Presentation on theme: "Coordinating a Response to Tomato Bacterial Disease Outbreaks in Ontario Janice LeBoeuf Vegetable Crop Specialist Ontario Ministry of Agriculture and Food."— Presentation transcript:
Coordinating a Response to Tomato Bacterial Disease Outbreaks in Ontario Janice LeBoeuf Vegetable Crop Specialist Ontario Ministry of Agriculture and Food
The Ontario Tomato Industry Area harvested 3-year average: 2002-2004 Processing tomatoes
The Ontario Tomato Industry Area harvested 3-year average: 2001-2003 Fresh market tomatoes
Issue: Bacterial Disease Outbreaks Bacterial spot and speck - primarily Bacterial canker - scattered, but severe in 2000 after storms left standing water
light spotting of the foliage vs. almost complete defoliation of the plant sunscald, poor colour development, rots due to early senescence of the foliage and lesions on the fruit fruit lesions reduce the quality of both fresh market and processing fruit (especially serious in whole pack or diced product) and interfere with peeling higher sorting costs on farm and in factory increased tare penalties and possibility of not meeting contracted tonnage lower solids, increased costs, slower factory operations, reduced peeled recovery for processors processors also risk falling short of packing goals Impacts to Industry
Outbreaks usually associated with heavy rain, high wind storm events Sometimes impacts widespread, sometimes localized (2000 vs. 2003)
Bacterial disease is a problem we struggle with in tomatoes year after year. "Insanity: doing the same thing over and over again and expecting different results. - Albert Einstein So, what can we do differently?
What were we doing? Seed treatment - chlorine or acid - most processors - most seed lots - always done right?? Two to four year crop rotation Spray copper in greenhouse or in field when symptoms appear Some growers using preventative sprays of copper - but often just a few applications at long intervals Adding Bravo with copper as a sticker Speck resistant cultivars Minimize leaf wetness in greenhouse transplant production Increase in drip irrigation Good drainage Burying residue Research, extension efforts
The Tour: Bacteria-palooza 2003 Arranged an informal bacterial disease tour with researchers, extension, processor agricultural staff, crop consultants, Ontario Processing Vegetable Growers directors Why did the outbreak occur? How could we have prevented it? How can we prevent future outbreaks? What are the critical gaps in our knowledge?
Follow-up Meeting: On the tour, the group requested that I arrange a meeting after tomato harvest to discuss the issue further At the meeting: researchers, extension, processor agricultural staff, crop consultants, tomato breeders, Ontario Tomato Seedling Growers Marketing Board rep, Ontario Processing Vegetable Growers reps, Pest Diagnostic Clinic (U of G), agribusiness Dr. Diane Cuppels reviewed what we know about the biology of the bacterial spot pathogen Dr. Ron Pitblado discussed management strategies for tomato bacterial diseases Then discussion...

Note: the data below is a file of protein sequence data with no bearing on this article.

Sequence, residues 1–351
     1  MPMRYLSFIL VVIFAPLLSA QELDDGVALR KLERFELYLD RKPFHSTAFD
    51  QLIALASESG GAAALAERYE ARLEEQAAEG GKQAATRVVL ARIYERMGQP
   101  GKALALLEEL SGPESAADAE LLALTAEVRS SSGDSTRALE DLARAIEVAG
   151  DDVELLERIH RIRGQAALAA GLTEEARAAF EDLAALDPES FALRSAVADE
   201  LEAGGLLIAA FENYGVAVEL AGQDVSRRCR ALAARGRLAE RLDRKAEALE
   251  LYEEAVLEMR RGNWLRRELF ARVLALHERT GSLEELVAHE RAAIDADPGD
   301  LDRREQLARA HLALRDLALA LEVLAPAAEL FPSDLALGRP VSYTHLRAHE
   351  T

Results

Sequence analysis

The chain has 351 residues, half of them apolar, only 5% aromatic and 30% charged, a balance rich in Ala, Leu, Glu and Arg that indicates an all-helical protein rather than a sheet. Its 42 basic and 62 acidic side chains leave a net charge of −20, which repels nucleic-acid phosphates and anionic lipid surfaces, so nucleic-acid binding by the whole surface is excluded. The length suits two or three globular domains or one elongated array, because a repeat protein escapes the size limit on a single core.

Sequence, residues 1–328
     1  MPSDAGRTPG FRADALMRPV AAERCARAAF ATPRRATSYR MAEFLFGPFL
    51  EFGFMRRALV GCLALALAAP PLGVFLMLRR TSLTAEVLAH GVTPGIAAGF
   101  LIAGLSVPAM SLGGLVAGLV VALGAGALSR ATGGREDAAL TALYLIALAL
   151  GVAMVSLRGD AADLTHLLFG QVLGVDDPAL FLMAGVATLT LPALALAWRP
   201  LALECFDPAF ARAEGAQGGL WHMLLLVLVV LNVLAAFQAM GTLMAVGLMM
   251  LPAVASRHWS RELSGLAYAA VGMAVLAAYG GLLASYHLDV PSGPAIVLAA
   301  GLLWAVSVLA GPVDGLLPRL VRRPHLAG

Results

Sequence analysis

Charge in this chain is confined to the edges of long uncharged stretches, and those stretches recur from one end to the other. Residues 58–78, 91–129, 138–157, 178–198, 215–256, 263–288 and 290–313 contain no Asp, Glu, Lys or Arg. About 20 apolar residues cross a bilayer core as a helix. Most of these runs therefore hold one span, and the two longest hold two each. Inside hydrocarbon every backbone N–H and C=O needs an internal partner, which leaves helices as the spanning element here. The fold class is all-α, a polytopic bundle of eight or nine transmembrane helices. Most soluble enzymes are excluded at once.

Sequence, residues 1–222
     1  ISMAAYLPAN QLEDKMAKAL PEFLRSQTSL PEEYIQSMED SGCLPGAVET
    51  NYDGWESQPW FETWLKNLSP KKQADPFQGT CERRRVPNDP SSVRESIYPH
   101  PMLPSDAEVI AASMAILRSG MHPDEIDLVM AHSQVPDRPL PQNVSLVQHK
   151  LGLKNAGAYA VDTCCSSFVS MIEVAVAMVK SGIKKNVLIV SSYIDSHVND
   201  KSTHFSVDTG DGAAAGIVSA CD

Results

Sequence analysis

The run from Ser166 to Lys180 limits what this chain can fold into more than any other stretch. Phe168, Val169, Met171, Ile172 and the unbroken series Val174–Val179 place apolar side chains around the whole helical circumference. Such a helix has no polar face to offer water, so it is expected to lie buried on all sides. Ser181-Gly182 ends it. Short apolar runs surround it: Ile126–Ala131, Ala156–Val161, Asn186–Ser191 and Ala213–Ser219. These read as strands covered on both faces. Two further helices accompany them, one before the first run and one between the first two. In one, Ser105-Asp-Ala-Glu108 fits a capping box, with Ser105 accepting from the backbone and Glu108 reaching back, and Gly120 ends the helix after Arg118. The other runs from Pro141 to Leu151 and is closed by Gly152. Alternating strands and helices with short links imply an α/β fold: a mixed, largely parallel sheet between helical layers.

What do we need to know to manage these diseases more effectively? Does the Group D bacterial spot overwinter in Ontario? Is bacterial canker an issue, or mainly spot and speck? Is the spot population in Ontario developing resistance to copper? Is it likely to? Are bacteria being introduced on peppers, fresh market cultivars, small lots of specialized processing cultivars being grown in the same transplant greenhouses? How can we minimize spread while handling and wetting- up the transplants? Can properly treated seed still harbour bacteria? How can we be sure that purchased seed lots have been treated?
What do we need to know to manage these diseases more effectively? What is the threshold of infected seed required to cause an outbreak? Is copper effective? Are we using it correctly? How is it best used? Where did the inoculum come from? Infected seed? Infected crop residue? Contaminated greenhouse or field equipment? Weed hosts? How is it being spread? Infected transplants planted in the field? Wind driven rain and mists? Processor staff, crop scouts, critters moving through fields? Equipment? How far can it spread on wind driven rain? Do stressful growing conditions increase disease infection, spread?
What do we need to know to manage these diseases more effectively? Can we test for infected seed, non-symptomatic infected transplants reliably and economically? How many seeds or transplants do we need to test to get meaningful results? Is group D more virulent, more destructive? Is there a lab in Ontario that will do PCR diagnosis on these diseases? Can we test seeds, seedlings, plants? What are they doing in other tomato-growing areas? ???
Action Plan Use what we know to try to manage bacterial disease more effectively Agree on priorities for research to answer some of our questions Focus on three aspects of production: seed, transplant greenhouse, field
OTSGMB Recommend transplant growers test questionable seed lots for the presence of acid or chlorine residue discuss at OTSGMB annual meeting communicate to transplant growers through OTSGMB newsletter identify lab(s) that can perform this service to OTSGMB members
Processors Recommend processors test seed lots for bacterial disease individual processors will test one processor rep will ensure protocols in place with lab(s) and let other processors know the procedure processors will share information
Transplant Production - OTSGMB Recommend fixed copper bactericide starting 2 1/2 weeks after seeding, then at 5- day intervals apply to wet the foliage but not to excessive runoff if possible, last application should be 1 day prior to shipping
Transplant Production - Researchers/OPVG/OFPA/OTRI Research project to develop a transplant screening protocol
Transplant Production - OMAF Extension Educate field growers about the importance of the greenhouse copper program, discussing it with their transplant suppliers